Yes, healing. We are talking miraculous healing: yes, the type so often faked for TV audiences. But it could in fact be happening at rates far beyond what I'd ever expected could be possible - even after years of reading such things as Guideposts or accounts of miraculous Near Death Experience recoveries (including even Anita Moorjani's incredible recovery in Dying to Be Me).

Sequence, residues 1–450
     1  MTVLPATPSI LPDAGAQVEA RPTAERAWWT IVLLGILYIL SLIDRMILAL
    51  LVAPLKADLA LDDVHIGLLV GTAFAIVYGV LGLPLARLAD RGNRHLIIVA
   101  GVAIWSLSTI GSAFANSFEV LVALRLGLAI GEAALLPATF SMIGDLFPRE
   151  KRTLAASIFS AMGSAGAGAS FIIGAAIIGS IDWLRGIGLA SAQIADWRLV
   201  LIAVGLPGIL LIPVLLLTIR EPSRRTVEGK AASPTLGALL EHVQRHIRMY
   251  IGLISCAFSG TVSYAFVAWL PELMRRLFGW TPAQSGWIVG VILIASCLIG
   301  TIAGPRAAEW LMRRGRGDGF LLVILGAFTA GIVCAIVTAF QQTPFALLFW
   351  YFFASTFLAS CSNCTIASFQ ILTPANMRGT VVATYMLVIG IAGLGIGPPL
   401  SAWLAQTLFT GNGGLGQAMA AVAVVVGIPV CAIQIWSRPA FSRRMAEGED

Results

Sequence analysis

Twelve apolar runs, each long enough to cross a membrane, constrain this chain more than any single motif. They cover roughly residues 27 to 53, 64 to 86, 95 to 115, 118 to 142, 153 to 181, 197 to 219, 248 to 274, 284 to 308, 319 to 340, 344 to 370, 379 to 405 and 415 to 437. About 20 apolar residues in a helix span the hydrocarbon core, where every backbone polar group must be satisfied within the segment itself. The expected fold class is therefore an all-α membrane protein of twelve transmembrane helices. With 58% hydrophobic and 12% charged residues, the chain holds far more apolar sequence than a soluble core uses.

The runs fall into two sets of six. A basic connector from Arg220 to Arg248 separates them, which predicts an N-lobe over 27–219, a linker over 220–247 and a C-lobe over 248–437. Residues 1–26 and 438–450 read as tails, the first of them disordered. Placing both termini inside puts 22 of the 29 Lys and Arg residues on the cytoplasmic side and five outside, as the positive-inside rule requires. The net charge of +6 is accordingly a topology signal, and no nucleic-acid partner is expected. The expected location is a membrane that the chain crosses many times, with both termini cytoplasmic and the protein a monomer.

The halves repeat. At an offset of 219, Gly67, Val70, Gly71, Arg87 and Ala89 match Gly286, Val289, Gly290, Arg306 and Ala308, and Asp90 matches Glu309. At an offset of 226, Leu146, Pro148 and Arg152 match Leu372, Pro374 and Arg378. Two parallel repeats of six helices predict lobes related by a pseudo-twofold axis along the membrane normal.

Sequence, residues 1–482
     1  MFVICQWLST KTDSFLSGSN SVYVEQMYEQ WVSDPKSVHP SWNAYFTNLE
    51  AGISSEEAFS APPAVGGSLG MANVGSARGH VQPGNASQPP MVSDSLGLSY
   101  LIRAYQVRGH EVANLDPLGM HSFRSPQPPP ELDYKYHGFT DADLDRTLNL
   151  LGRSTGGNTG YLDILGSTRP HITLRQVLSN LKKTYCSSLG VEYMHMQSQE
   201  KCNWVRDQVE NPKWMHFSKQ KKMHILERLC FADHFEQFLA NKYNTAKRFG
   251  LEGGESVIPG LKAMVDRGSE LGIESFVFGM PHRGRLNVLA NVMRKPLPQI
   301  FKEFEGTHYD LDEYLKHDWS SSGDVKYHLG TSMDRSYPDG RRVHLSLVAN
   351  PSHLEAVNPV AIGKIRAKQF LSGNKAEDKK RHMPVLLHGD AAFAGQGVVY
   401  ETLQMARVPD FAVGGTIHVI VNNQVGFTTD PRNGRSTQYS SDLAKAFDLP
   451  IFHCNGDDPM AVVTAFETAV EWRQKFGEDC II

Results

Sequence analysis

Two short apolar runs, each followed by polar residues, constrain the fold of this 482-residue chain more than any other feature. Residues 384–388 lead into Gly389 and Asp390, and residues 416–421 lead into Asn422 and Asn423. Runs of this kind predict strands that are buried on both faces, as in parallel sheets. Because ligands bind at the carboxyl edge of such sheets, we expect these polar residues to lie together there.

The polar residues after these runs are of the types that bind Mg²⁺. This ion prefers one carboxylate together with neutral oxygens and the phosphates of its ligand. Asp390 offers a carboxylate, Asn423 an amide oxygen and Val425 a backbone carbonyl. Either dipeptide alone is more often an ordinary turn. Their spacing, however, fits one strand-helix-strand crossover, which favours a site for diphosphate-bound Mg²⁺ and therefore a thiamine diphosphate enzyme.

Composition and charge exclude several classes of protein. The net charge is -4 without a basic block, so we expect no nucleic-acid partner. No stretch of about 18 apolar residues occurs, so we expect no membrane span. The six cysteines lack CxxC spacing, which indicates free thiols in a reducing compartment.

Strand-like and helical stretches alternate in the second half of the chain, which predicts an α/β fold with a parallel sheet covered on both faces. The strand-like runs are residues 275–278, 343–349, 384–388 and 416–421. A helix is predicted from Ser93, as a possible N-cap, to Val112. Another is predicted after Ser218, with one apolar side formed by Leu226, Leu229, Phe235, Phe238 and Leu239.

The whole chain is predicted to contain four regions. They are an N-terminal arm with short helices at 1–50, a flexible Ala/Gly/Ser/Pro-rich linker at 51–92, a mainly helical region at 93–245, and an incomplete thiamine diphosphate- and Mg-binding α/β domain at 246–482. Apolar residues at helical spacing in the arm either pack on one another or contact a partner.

I am not ready to write extensively on this topic yet, but I will point to some resources for those who are seeking deliverance and/or who may be excited by the idea of actually healing the sick. Be warned that Christians practicing in this field DO take the Bible literally - though interpretations range from unusual/non-traditional, to (yes) very, very conservative. I think my LGBT friends may have a rough time reading many of these books, for example. But still, a surprising number of people involved in Jesus-like patterns of healing and deliverance are not typical evangelists for typical conservative churches. It turns out a lot of churches reject the supernatural completely, and also tend to be more focused on promoting attendance growth and tithing than healing and rescue. In fact, there's a deliverance term for the spirit that's more about appearances and church income than doing the work of God: the spirit of religion.